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From the author of Silverlight Message-Handling Basics

Silverlight Message-Handling Basics

Unlike GAE, Silverlight only allows you to execute two of the basic HTTP verbs: GET and POST. That rule may sound awfully restrictive, but there are ways around this limitation, such as using JavaScript to do things that Silverlight won't let you do. XMLHttpRequest is a JavaScript object that exists in most web browser environments, and it understands how to send DELETE, PUT, and HEAD as well as GET and POST. Silverlight objects can call JavaScript in the browser this way:

HtmlPage.Window.Invoke(string methodName, params object[] args)

When a URL understands the HTTP GET and POST methods, you use this:

WebRequest.Create(Uri destination)

WebRequest.Create returns a WebRequest object with the following properties available:

  • Method: Set this string to the value of the HTTP method to invoke. In Silverlight 2.0, that method is either GET or POST.
  • ContentType: Set the type of content (if any) that's being sent. If you GET a resource from a URI, leave this setting alone. If you POST data, set this to the recognized MIME type in the request body.
  • Headers: You can add HTTP headers to the request.

We'll go over sending and receiving messages shortly. We'll also walk through how each part of the choreography is accomplished for the four common HTTP methods, starting at the request and traveling all the way through to reading the response.

But first, there's one little thing we need to handle: authentication.

Application Startup

When the user first arrives at the application, she needs to authenticate, as shown in Figure 1. Once the user logs in, she sees a bit more, as shown in Figure 2.

Figure 1 To use our sample Silverlight-Google App Engine application, the user needs to sign in.

Figure 2 The user interface of our sample application.

The Silverlight control lives within the red outline I added to Figure 2. I put it into that page with the following markup:

<object width="100%" height="100%"
        data="data:application/x-silverlight-2,"
        type="application/x-silverlight-2" id="Xaml1">
        <param name="source" value="/PhotoWebSL.xap" />
        <param name="minRuntimeVersion" value="2.0.31005.0" />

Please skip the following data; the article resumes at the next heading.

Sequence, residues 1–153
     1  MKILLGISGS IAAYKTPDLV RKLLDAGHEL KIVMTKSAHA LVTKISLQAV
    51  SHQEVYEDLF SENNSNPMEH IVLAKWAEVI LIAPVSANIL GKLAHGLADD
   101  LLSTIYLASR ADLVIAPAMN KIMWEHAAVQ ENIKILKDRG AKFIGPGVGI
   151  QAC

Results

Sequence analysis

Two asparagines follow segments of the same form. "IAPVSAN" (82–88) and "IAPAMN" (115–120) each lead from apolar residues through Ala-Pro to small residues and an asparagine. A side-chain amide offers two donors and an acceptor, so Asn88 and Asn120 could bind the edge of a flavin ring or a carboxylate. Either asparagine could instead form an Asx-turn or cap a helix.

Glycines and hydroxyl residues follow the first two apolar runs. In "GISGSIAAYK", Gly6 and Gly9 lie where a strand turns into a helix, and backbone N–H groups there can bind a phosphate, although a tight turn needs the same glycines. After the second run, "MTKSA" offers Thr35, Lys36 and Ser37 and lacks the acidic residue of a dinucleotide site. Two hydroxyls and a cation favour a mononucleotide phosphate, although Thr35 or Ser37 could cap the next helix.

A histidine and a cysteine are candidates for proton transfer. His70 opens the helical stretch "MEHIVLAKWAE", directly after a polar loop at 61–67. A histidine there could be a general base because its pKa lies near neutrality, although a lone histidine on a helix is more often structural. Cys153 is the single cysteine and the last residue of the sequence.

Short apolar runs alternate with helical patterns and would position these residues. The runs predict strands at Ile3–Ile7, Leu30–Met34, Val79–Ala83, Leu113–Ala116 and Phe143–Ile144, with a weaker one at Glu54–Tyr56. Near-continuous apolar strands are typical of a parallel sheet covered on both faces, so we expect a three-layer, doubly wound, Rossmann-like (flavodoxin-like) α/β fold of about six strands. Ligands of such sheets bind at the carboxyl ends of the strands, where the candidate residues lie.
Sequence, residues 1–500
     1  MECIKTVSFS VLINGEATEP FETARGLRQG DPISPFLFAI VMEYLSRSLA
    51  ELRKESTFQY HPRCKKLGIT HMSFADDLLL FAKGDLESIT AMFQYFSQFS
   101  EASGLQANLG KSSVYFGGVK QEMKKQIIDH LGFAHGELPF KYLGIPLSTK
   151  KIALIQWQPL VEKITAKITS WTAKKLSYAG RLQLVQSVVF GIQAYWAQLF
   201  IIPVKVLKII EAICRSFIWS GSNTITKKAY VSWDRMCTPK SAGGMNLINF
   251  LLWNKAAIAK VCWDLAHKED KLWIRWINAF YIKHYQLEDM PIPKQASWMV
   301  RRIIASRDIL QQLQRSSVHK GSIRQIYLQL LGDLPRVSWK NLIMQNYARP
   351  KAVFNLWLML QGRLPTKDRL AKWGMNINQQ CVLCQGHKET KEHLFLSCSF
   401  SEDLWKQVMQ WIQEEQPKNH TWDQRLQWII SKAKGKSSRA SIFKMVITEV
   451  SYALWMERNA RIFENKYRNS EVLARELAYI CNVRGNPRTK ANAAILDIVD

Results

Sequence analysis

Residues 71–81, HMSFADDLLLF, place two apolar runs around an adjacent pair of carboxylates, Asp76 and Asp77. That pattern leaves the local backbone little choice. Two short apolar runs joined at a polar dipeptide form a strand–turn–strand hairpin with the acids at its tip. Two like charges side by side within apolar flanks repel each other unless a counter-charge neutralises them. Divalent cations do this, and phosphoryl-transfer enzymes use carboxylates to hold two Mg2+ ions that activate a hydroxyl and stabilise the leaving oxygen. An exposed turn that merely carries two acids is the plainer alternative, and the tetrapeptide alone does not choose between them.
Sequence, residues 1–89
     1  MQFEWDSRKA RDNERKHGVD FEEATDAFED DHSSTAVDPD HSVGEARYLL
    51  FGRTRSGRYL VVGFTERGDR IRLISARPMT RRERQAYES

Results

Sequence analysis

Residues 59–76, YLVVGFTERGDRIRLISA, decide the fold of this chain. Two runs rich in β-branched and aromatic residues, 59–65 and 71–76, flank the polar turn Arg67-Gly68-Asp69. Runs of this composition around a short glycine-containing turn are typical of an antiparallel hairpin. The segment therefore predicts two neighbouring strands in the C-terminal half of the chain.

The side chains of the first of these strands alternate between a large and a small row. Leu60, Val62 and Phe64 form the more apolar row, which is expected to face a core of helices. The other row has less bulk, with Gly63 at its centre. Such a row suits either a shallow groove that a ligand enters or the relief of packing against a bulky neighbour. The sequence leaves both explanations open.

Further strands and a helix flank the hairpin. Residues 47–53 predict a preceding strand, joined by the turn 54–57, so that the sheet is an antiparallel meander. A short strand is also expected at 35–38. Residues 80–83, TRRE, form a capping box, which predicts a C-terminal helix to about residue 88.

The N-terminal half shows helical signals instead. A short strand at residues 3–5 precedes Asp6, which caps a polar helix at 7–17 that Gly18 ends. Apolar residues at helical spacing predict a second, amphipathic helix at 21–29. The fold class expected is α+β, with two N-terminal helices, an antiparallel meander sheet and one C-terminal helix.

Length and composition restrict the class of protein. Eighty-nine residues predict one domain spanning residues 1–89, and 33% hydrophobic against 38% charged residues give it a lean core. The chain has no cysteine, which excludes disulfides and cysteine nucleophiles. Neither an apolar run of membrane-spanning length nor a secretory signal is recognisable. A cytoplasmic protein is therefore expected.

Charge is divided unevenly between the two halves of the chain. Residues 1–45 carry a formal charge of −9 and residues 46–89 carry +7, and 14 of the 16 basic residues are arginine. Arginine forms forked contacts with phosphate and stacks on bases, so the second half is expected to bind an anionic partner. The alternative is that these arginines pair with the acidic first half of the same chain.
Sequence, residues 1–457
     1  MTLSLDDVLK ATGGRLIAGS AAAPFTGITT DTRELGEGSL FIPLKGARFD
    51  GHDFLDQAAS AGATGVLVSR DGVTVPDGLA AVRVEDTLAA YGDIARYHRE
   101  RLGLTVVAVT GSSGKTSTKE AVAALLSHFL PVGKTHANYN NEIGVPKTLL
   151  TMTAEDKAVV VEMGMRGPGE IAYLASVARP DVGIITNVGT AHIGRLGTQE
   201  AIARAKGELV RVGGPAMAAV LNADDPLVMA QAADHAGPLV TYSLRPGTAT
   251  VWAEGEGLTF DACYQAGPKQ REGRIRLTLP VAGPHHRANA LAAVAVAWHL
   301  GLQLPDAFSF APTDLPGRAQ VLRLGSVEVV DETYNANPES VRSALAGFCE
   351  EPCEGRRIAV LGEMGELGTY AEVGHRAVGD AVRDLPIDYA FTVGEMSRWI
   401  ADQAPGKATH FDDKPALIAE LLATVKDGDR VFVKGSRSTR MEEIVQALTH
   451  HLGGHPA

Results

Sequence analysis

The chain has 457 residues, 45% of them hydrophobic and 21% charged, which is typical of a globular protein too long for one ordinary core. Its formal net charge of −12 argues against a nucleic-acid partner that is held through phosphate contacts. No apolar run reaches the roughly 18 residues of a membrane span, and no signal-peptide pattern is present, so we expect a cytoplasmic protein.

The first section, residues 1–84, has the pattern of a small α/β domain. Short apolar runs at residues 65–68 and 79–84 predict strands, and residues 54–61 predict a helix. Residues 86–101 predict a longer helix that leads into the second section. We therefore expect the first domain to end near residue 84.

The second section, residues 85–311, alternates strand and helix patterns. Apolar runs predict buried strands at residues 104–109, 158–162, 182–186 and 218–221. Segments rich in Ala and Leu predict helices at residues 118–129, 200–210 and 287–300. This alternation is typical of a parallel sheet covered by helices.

<param name="autoUpgrade" value="true" />
        <param name="EnableHtmlAccess" value="true" />
        <!-- Display installation image. -->
        <a href="http://go.microsoft.com/fwlink/?LinkID=124807"
                style="text-decoration: none;">
                <img src="http://go.microsoft.com/fwlink/?LinkId=108181"
                        alt="Get Microsoft Silverlight"
                        style="border-style: none"/>
        </a>
</object>

The Python application remembers the current user by passing a cookie back to the browser after authentication. This cookie is then sent with every request from the browser, including requests that originate from the Silverlight control. The Python backend uses this cookie to determine user identity on each HTTP request.

When the Silverlight control loads, it initializes three URIs with which it communicates:

  • The URI from which it will get lists of images
  • The URI to use when updating or deleting image data
  • The URI to use when adding new images to the application
  • The base URI for any images that will be loaded

The control fetches the images for the logged-in user. The following lines do the work:

Uri ImageService { get; set; }
Uri ImageUploadService { get; set; }
Uri ImageListService { get; set; }

public Page()
{
    InitializeComponent();
    ImageService = new Uri(App.Current.Host.Source, "/img");
    ImageListService = new Uri(App.Current.Host.Source,
        "/images");
    ImageUploadService = new Uri(App.Current.Host.Source, "/");
    ImageItem.BaseUri = ImageService.ToString();
    Loaded += (s, e) =>
    {
        LoadImages();
    };
}

The lines to set URIs (shown in bold) might look a bit odd. This particular constructor of Uri joins the scheme, server, and port information from the first argument and appends the string in the second argument. In our case, App.Current.Host.Source is as follows:

http://sseely-silverlight.appspot.com/PhotoWebSL.xap

After running this code for the example, we get the results shown in the following table:

Class

Handles This URL

ImageService

http://sseely-silverlight.appspot.com/img

ImageListService

http://sseely-silverlight.appspot.com/images

ImageUploadService

http://sseely-silverlight.appspot.com/

If you deploy to a different GAE application, the roots are different.

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